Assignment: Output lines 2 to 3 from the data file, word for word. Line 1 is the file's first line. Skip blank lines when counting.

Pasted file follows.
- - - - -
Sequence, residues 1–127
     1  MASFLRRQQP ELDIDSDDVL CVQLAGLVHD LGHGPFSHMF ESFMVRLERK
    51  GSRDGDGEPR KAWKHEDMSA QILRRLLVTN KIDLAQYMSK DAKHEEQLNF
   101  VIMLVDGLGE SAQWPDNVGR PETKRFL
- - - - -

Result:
     1  MASFLRRQQP ELDIDSDDVL CVQLAGLVHD LGHGPFSHMF ESFMVRLERK
    51  GSRDGDGEPR KAWKHEDMSA QILRRLLVTN KIDLAQYMSK DAKHEEQLNF